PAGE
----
Even that would have been forgivable had those teenagers later acted like normal humans. Instead they became heroes in an unbelievable way, without any preparation to help us believe that they were anything other than normal teenagers.
That alone would not have destroyed the storytelling; we don’t expect perfection. But the ending of Super 8 climaxed in an alien event that needed more preparation to have been reasonably believable. If you love Kyle Chandler or frightening alien monsters, watch this movie; I’ll not spoil it by giving away the ending. Just don’t expect a masterpiece of storytelling.
In Super 8, we are well prepared to empathize with the boy who lost his mother and has great difficulty communicating with his father. While watching this film, we are prepared to love the teenagers; but are not prepared for them to suddenly be super brave or (with one boy) to be a practically-fearless hero. This film could have been much better had it been longer with strange things prepared for, or had it given less emphasis on preparing us to love those kids and more emphasis on preparing us for the weirdness of that monster.
The Fellowship of the Ring
For the best preparation in storytelling, consider the 2001 fantasy-drama The Lord of the Rings: The Fellowship of the Ring. That film does not jump into a strange little man disappearing by putting on a ring. We are introduced to a peaceful country scene, something like timeless Wales or Ireland, and we become peacefully aware that hobbits live slightly differently, ever so slightly, with homes built into the hills. What a delightful preparation for us who are watching the film! We are caught up in a story that soon includes a young hobbit who is being prepared for an adventure.
We soon are shown that hobbits are small, after one jumps into the lap of an old friend, a full-sized man. The old wizard is not so strange at first, even when fireworks are ejected from the back of his wagon (to the delight of the believable hobbit children), for the result of his magic resembles our Fourth of July in the U.S.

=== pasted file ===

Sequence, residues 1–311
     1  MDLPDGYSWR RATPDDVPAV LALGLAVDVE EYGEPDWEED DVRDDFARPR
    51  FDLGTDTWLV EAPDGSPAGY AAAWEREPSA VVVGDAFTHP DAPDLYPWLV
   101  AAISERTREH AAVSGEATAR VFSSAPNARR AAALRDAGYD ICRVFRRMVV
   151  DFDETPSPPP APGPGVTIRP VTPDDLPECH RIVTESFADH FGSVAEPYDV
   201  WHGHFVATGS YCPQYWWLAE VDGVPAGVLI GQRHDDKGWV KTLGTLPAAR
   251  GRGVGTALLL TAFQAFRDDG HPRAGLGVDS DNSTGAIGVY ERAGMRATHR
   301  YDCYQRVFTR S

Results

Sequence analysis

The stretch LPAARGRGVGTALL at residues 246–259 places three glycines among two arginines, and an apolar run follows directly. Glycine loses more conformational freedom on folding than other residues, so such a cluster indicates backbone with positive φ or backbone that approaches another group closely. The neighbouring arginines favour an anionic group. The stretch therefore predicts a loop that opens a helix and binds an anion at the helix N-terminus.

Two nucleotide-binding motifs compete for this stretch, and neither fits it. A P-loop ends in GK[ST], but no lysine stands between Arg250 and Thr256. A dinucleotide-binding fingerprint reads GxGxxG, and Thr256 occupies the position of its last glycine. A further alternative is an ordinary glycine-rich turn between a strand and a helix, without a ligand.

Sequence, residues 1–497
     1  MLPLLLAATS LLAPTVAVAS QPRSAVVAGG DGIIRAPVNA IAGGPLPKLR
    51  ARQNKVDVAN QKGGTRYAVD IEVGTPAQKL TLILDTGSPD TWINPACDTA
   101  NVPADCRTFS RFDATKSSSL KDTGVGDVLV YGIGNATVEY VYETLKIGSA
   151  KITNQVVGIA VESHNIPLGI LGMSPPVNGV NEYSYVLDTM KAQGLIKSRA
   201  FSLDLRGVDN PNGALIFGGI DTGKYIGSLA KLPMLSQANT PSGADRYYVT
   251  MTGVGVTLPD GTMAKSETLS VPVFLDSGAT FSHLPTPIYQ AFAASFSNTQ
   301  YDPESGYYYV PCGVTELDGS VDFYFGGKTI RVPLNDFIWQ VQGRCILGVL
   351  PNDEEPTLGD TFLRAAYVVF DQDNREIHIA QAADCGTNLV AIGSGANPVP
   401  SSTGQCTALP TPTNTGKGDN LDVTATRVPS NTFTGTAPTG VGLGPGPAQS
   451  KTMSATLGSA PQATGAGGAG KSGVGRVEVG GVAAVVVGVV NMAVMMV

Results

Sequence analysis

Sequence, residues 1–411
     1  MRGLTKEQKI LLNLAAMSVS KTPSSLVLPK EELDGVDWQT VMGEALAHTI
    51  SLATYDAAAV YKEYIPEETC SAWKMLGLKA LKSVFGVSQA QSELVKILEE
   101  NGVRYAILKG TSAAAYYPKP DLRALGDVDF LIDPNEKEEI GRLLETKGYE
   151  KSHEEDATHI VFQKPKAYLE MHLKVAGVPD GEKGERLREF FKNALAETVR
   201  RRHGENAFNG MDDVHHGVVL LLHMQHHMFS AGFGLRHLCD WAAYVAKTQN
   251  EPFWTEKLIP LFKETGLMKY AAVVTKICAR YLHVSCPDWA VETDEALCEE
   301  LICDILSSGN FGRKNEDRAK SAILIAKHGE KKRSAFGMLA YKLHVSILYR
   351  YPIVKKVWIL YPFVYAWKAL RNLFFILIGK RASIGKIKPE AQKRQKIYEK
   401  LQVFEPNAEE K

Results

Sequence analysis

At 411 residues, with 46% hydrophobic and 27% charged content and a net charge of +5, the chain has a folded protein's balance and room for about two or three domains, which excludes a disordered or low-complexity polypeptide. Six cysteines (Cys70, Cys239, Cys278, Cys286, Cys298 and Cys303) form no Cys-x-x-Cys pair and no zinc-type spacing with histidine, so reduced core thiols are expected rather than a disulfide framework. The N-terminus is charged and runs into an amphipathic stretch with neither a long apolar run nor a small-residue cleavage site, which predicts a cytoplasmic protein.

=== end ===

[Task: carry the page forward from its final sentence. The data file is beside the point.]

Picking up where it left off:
We hear about the ring from a believable wizard and a believable hobbit, as they talk about a believable journey that Bilbo is planning. Later that night, the almost unbelievable fireworks, and Bilbo’s recounting, to the children, the wonderful adventure of his youth (note that he tells the story in the same way an elder would tell a legend to children, making that retelling more realistic)—that makes the disappearing act, a little later that night, believable, for we have been prepared: We know already that something is special about that ring. We have been introduced to strange things, for they have come upon us little by little, naturally. (I love fantasy.)
We don’t expect that kind of preparation in a science fiction film, but Super 8 takes unpreparedness to extremes, forcing some of us film watchers out of the story, to become aware, while watching the film, of acting and film writing: something that should not happen to anyone while watching the film.
“To begin, I am grateful that the History Channel’s MonsterQuest episode on ‘flying monsters’ in Papua New Guinea revealed to many Americans the living-pterosaur research of Garth Guessman and Paul Nation; but the MonsterQuest expedition on New Britain Island, in early 2009, was not itself a serious living-pterosaur investigation . . .”
From 1994 through 2009, about nine Americans have intermittently (and usually two or three at a time) visited remote islands of Papua New Guinea, searching for flying creatures: a living pterosaur. On Umboi Island, it’s called “ropen,” but it’s also known as “duwas,” and “seklo-bali.”
Now in the morning of shadow waning, Like when the light of morning filled a tomb, Grant us forgiveness: both giving, gaining; Fill us with light: Dispel avenging gloom.